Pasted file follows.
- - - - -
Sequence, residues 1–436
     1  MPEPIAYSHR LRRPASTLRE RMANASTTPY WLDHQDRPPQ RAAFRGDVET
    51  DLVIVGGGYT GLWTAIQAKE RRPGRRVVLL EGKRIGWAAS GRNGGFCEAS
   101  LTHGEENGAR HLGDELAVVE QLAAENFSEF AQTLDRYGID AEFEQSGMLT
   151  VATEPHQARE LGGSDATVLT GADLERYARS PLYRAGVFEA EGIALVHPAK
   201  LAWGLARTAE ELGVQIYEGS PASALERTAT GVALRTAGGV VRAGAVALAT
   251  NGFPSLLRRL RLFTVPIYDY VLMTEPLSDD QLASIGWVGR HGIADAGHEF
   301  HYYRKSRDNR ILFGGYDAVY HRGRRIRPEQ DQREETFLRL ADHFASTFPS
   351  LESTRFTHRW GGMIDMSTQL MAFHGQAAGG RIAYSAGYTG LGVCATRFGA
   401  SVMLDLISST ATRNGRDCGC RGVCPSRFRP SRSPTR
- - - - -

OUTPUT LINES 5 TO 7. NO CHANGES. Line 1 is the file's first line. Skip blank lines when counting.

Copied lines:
   151  VATEPHQARE LGGSDATVLT GADLERYARS PLYRAGVFEA EGIALVHPAK
   201  LAWGLARTAE ELGVQIYEGS PASALERTAT GVALRTAGGV VRAGAVALAT
   251  NGFPSLLRRL RLFTVPIYDY VLMTEPLSDD QLASIGWVGR HGIADAGHEF